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Posted 05 October 2010 - 10:10 PM

I dont use mp4 at all on my site. All of my content is converted to flv. The files are much smaller, yield the same internet viewing quality and play faster.

www.inairfilms.com
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#8 Phil Rhodes

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Posted 06 October 2010 - 09:01 AM

What sort of FLV? Compressed using what?
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#9 Stephen Murphy

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Posted 06 October 2010 - 10:40 AM

I spent years messing around with h264 quicktimes or FLV flash files and was happy with the results but for the latest revision to my site I've gone with vimeo embeds. So much easier to deal with and saves me some storage on my site. Worth a thought!
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#10 Sean Conaty

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Posted 06 October 2010 - 07:39 PM

I dont use mp4 at all on my site. All of my content is converted to flv. The files are much smaller, yield the same internet viewing quality and play faster.

www.inairfilms.com


Anthony,
I myself am a fan of using FLV as well. Unfortunately, when exporting, I'm having the hardest time retaining quality (most notably in the blacks) and have noticed quite a difference between the pristine images on your site and those on mine. My standard workflow is as follows. Please let me know if you've got any suggestions that might remedy:

-Final Cut Sequence settings at 1280x720 - ProRes422HQ
-Send to Compressor @ 640x480 - ProRes422HQ
-Convert to FLV w/ Adobe Media Encoder

I've done a few tests and permutations (FCP sequence setting with different codecs, resizing at different stages, higher VBR in Media Encoder, etc.) to absolutely no avail. I'd love any suggestions.

-Sean
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#11 Phil Rhodes

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Posted 06 October 2010 - 07:46 PM

The elephant in the corner here is that just saying "It's an FLV" isn't enough information. FLV files can contain any of several codecs, from the original FLV1 compressor (certainly not competitive with h.264) all the way through the VP series (increasingly competitive with h.264). This is, for what it's worth, also the case with Quicktime, MXF and AVI files.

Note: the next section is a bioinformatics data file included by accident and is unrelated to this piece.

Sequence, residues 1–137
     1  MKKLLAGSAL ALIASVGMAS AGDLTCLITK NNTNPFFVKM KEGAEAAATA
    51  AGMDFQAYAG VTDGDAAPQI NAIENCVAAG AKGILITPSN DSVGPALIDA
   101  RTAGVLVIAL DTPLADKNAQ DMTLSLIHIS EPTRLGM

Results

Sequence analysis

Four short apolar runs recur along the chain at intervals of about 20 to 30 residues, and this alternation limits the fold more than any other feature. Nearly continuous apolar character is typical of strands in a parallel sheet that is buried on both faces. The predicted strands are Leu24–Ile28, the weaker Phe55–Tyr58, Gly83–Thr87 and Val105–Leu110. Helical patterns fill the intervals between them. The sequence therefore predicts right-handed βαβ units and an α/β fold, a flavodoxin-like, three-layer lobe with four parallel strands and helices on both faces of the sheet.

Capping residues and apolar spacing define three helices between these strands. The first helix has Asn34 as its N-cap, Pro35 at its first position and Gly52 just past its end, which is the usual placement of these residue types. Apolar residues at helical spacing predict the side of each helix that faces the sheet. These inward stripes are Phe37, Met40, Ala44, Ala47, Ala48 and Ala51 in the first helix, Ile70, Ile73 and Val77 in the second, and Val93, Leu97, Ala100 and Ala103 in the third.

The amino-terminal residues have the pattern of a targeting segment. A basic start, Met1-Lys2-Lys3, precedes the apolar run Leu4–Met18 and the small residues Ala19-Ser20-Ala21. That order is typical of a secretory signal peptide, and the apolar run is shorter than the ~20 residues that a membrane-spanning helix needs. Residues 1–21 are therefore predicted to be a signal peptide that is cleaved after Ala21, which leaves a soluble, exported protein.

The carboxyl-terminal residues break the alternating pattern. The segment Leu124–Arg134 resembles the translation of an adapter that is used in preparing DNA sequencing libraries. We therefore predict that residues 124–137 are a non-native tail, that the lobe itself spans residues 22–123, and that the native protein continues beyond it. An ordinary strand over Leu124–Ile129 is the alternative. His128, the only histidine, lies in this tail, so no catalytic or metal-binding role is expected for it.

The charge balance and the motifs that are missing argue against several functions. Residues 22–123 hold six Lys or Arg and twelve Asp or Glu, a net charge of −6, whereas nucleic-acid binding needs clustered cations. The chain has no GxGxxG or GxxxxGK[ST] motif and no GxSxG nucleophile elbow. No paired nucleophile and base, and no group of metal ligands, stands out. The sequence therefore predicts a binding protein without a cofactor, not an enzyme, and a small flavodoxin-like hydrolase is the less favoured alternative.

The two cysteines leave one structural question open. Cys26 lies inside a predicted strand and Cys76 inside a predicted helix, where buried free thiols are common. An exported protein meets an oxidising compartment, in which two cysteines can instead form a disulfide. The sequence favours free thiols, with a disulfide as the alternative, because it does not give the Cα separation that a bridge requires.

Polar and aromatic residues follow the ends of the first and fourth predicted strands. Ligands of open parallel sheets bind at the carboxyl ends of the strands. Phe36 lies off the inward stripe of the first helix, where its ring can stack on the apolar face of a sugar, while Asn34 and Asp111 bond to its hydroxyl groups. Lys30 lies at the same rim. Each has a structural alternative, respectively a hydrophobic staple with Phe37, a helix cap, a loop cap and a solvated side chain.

Unfortunately, nice little computer programs which have compression presets called "good", "better", "bestest" and "super-duper", because they can't bring themselves to call anything "low", aren't really capable of describing these sorts of irritating technical minutiae. This is, however, why you can easily end up with two programs produce two "FLV files" which are the same size but give you wildly different results.


P
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#12 Bruce Greene

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Posted 07 October 2010 - 03:07 PM

Editing, computers, codec stuff is a little foreign to me as I'm less techy than I should be. That being said, I'm trying to work out what format my final edited reel should be in. I'd like to squeeze as much quality out of the image as I can. I'd also like a compression that's pretty accurate to the original and wont undermine the image. From what I understand a good choice would be edit and export in H.264.

Other questions regarding this:

1. I'd like the video to play 2.40 - without black matted bars above and below the frame. Does anyone know how to do this in Avid or Final Cut Pro (preferable).
2. If the DVD copies are H.264 is it a bad idea to pull from these - will this compromise the quality OR should I import from the d5 masters?
3. I plan to have the website play a quicktime - not a youtube or vimeo video. Anything in particular I should know about this and H.264 or any other favorable export format?

Thanks very much guys, I look forward to hearing back from you.

- Ian.


Ian, I've done exactly as you are asking for on my website.

I've just checked the settings for 2.4:1 QT H.264 that I used:

760x337 pixels. 1000kbits/sec. 23.98fps. I used AAC for audio compression to help keep the file size down a little.

To prepare the file I cropped in FCP to the proper shape and pixel dimensions so that I wouldn't waste bandwidth on black bars.

Exported using "quicktime conversion".

If you go to my website, the trailer from "Close Enemy" was copied from a 1080 QT file I downloaded online, color corrected, and resized. It has a bit of compression artifacts but is not too bad. Others are from Apple ProRes or DVCproHD originals.

www.brucealangreene.com

Good luck and if you could provide me with feedback about how the clips play over the net on your computer, I would find that helpful.
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Ritter Battery